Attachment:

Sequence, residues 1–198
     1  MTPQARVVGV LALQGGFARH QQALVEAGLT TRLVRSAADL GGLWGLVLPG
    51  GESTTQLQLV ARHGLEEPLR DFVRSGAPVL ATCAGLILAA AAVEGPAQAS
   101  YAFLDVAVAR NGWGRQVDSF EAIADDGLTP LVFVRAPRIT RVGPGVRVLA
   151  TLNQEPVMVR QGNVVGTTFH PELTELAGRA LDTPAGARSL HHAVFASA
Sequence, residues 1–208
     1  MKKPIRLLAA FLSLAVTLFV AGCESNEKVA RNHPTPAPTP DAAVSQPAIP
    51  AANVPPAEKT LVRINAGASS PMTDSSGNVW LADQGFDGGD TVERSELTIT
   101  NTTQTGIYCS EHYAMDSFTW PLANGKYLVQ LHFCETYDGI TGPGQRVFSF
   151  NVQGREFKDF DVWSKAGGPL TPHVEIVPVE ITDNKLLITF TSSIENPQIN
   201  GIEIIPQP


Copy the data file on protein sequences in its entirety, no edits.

Sequence, residues 1–198
     1  MTPQARVVGV LALQGGFARH QQALVEAGLT TRLVRSAADL GGLWGLVLPG
    51  GESTTQLQLV ARHGLEEPLR DFVRSGAPVL ATCAGLILAA AAVEGPAQAS
   101  YAFLDVAVAR NGWGRQVDSF EAIADDGLTP LVFVRAPRIT RVGPGVRVLA
   151  TLNQEPVMVR QGNVVGTTFH PELTELAGRA LDTPAGARSL HHAVFASA
Sequence, residues 1–208
     1  MKKPIRLLAA FLSLAVTLFV AGCESNEKVA RNHPTPAPTP DAAVSQPAIP
    51  AANVPPAEKT LVRINAGASS PMTDSSGNVW LADQGFDGGD TVERSELTIT
   101  NTTQTGIYCS EHYAMDSFTW PLANGKYLVQ LHFCETYDGI TGPGQRVFSF
   151  NVQGREFKDF DVWSKAGGPL TPHVEIVPVE ITDNKLLITF TSSIENPQIN
   201  GIEIIPQP